Apr 4, 2014, 7:06 PM EDT
When baseball games come down to one run, when Craig Kimbrel shuts the door on a close game, it’s easy to go back to specific moments and second guess what could have been. The Nationals put themselves in that situation in Friday’s 2-1 loss to the Braves, and one key play stands out as pivotal.
In the bottom of the fifth inning, Nats shorstop Ian Desmond roped a line drive down the left field line, a ball that took one hop before stopping right under the outfield fence. Braves left fielder Justin Upton first raised his hands in the air to signal the ball was out of play, but then picked it up and threw it to shortstop Andrelton Simmons.
He was confused because third base umpire Marvin Hudson didn’t run out to see the ball. Generally, the umpire has to confirm the ball is lodged before calling a ground-rule double.
The play continued as Desmond rounded the bases, touched home, and ran quickly into the dugout. Over six minutes later, after a Fredi Gonzalez challenge and an extended delay while umpires debated the decision at second base, MLB officials in New York overturned the call. Desmond ran back to second as 42,834 fans at Nationals Park expressed their displeasure, and the Nats left the inning without a run.
“I saw [the ball]. I saw it was sitting in the corner,” Desmond said. “I was just going. With the replay stuff the way it is now, I’m not going to leave anything out. That’s what we talked about in spring training. No one said anything so I wasn’t going to stop. We’ve seen that happen in the past. I just kept on going.”
Upton said he noticed Desmond was still running, and then decided to grab the ball.
“It went under the fence and, knowing the rule, you put your hands up. I looked in and it didn’t look like Marvin was coming out to look at it so Simmons told me to throw the ball so I picked it up and threw it.”
Though it took a challenge from his manager, Upton was confident as soon as the ball became lodged that it was a ground-rule double and not a live ball.
“I knew that I was right, it was just a matter of if they were going to kill the play or not,” he said. “The next time it happens I will stand there. If I’m 100 percent sure like I was, I would stand there and make sure they come out and see it.”
Pitcher David Hale thought it should have been called a double right from the start.
“[Upton] was telling me that it was stuck under there, that from his angle it just disappeared. But I see what the umpire was seeing too, from our angle we could see the whole thing. It was obviously a double, it’s not an inside the park homer down the left field line. I think they made the right call.”
As both the players and umpires adapt to a new rule, it will take time for everyone to get used to the protocol for each play. The umpire should have run out there, and Upton should have kept his hands up.
The Braves’ outfielder says he knows what he’ll do next time.
“Naturally, knowing the rule, you put your hands up. I should have trusted my instincts. I made the play a little more confusing than it should have been.”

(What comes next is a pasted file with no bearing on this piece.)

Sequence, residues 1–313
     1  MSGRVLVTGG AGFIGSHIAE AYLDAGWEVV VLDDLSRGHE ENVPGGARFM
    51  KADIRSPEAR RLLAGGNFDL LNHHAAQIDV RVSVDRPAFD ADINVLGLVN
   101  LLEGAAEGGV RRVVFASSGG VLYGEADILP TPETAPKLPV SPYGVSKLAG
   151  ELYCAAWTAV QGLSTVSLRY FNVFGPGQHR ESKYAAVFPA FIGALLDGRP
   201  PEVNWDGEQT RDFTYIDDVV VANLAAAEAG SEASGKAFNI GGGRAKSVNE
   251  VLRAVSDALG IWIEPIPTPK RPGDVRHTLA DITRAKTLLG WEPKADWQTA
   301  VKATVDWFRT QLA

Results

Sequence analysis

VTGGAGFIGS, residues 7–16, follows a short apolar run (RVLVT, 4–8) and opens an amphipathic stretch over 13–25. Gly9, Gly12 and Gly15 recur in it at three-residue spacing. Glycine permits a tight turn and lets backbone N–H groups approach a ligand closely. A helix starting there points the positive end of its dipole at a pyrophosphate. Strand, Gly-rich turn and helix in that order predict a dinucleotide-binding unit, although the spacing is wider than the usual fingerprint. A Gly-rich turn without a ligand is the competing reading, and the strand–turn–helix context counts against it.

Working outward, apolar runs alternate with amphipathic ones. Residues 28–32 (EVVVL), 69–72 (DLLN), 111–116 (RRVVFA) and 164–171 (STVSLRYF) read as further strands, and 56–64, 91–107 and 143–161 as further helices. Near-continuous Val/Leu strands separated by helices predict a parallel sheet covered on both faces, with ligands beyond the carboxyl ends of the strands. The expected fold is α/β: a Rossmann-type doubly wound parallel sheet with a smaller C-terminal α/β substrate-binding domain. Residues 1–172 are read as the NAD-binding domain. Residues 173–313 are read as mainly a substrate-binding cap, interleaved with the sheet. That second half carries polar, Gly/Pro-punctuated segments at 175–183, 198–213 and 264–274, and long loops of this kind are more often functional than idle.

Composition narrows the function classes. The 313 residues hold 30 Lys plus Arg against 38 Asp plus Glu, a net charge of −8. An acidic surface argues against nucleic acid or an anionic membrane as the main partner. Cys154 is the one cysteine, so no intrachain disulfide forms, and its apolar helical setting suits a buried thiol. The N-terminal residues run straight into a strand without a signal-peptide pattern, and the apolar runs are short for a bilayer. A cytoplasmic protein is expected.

Braves manager Fredi Gonzalez harped on the same idea. He said it will be a big emphasis among coaches and players moving forward.
“I tell you what we’ll do. We’ll talk it over again with the outfielders, but when those things happen you need to raise your hands and not go look for the ball. That’s the number one priority here tomorrow when we talk to the outfielders. When those balls get lodged, whether it’s here or in the pad, in Chicago in the ivy or something, just raise your hands.”
Nationals manager Matt Williams agreed with the call in part, but has reservations about how it was handled. He thinks Upton throwing the ball into the infield should have negated the ground-rule double.
“One of the reasons we have replay is to make sure we get calls right. I have a question with that one though because of what happened after the fact — the fact that when [Upton] had to, he reached down and threw it in.
“[The umpire didn’t signal] so, for me, in the heat of the moment and with my naked eye, tells me that he didn’t think it was lodged. But it is a reviewable call and a reviewable play, so they did and determined that it was a double and the ball was lodged underneath the pad.”
Though the Nationals had the run taken away, it wasn’t the only reason they lost on Friday afternoon. Braves outfielder Jason Heyward downplayed its importance after the game.
“It’s one moment, and there are other moments. You can never look back and say one moment decided the outcome of the game. Not on either side, whether you win or lose. You will never come back.”
Even though it was just one moment, it certainly looms large after the Nationals’ loss. Gonzalez is happy the call was corrected, but is still getting a feel for the new rules.
“The replay rule? I do like that, but ask me in a month or so,” he said. “Maybe I’ll change my mind. At the end of the day, to get all the plays right and correctly, I think it’s good. It’s a good thing. We have the technology now. The way we’re doing it, I gotta get a feel for that.”
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